Monday, July 15, 2013

Review: MYSTIC CITY by Theo Lawrence

Aria Rose, youngest scion of one of Mystic City's two ruling rival families, finds herself betrothed to Thomas Foster, the son of her parents' sworn enemies. The union of the two will end the generations-long political feud—and unite all those living in the Aeries, the privileged upper reaches of the city, against the banished mystics who dwell below in the Depths. But Aria doesn't remember falling in love with Thomas; in fact, she wakes one day with huge gaps in her memory. And she can't conceive why her parents would have agreed to unite with the Fosters in the first place. Only when Aria meets Hunter, a gorgeous rebel mystic from the Depths, does she start to have glimmers of recollection—and to understand that he holds the key to unlocking her past. The choices she makes can save or doom the city—including herself. 

So I totally lucked out and snagged an ARC of MYSTIC CITY at Half-Price Books. My review is for the ARC since I don't know what (if any) changes might've been made. Here we go!

The Good: I absolutely can't praise Theo's writing style enough! Can we say beautiful and the perfect example of Show don't Tell and Avoid Passive Voice. The descriptions are stunning. Each scene is brilliantly set and fully fleshed out. The characters are so unique, and you can totally connect with them in a real way. I'm generally not a dystopian fan, but MYSTIC CITY isn't the typical dystopian... at least, it isn't the struggle-every-moment-for-life kind. It's more futuristic than anything. I'm not sure what genre it's classified as anyway.

The progression of our protag's life is perfectly paced. Aria grows and changes throughout the story, going from the (non-cliche) rich girl to the caring young-woman who's willing to risk her comfortable life and promising future. And not just to win the guy but to save her city. Talk about an inspiring female lead! 

Our male lead, Hunter, is intriguing and by far the most mysterious part of the entire story. He proves himself to be swoon-worthy! He's not the kind of  guy you love to hate or admire because he's so wholesome. But he's real and genuine. Nothing about him feels fake or forced. He's the kind of boyfriend you would've actually wanted at 17. Too bad it's not that clean-cut for Aria.

The Mediocre: As the plot moves forward, there isn't a lot of "surprise" going on. I kept thinking, "Where's the mystery? What's the twist supposed to be here?" Really, it felt more like a contemporary novel with a futuristic setting. Like we know the obvious hurdles our characters have to overcome, so where's that *gasp* moment??? The outstanding writing and interesting characters kept me reading, but there were a few places where I just skimmed because it wasn't exciting. I will say there was one epic twist at the end I didn't expect which was fabulous! I love surprises! I just wish there could've been more.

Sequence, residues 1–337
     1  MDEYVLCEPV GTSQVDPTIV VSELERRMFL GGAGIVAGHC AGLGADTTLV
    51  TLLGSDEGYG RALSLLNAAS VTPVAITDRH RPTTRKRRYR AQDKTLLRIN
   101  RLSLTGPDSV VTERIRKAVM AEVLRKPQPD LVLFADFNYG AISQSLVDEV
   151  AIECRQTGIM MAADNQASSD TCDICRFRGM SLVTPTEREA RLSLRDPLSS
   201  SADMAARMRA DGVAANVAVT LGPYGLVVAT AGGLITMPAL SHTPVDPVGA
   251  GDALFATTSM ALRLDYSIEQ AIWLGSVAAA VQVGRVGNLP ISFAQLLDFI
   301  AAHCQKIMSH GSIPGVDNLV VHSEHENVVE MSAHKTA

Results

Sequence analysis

Another issue I encountered was Aria's reaction to certain people in her life. Something epic would happen, and she was just like, "Meh. Okay." And while I get Lawrence's intent to keep her low key so she wouldn't give up the ghost so early, even her internal reaction was disappointing. Still, it wasn't enough of a let-down to stop reading. Also, Aria's best-friend Kiki is kind of annoying. I wish she would've been more likable. I'm a big fan of heroic secondary characters. I feel like they should really enhance the story and bring out a lot about plot and why our lead is the way they are. If you're going to the trouble to bring them up frequently, there needs to be a reason for them. Kiki was more like that irritating person you hang out with for the sake of obligation. She and Aria were so different in ways that would cause two people not to want to spend time together. I LOVED Hunter's bromance though.

There were several parts where I just skimmed through the story because it wasn't interesting. It didn't move the plot forward and felt more like a placeholder than an integral scene. There were maybe a total of 20 pages or so that could've been entirely culled, and no one would miss them. 

Conclusion: Based on the originality of the story, the lead characters, and the writing, I'd give MYSTIC CITY 5 Hats, no problem. But due to the slow plot at times, the mediocre secondary characters, and the lack of page-turning mystery, I'm going to say 4 Hats: still an awesome read and recommendation but not without a couple of flaws. 

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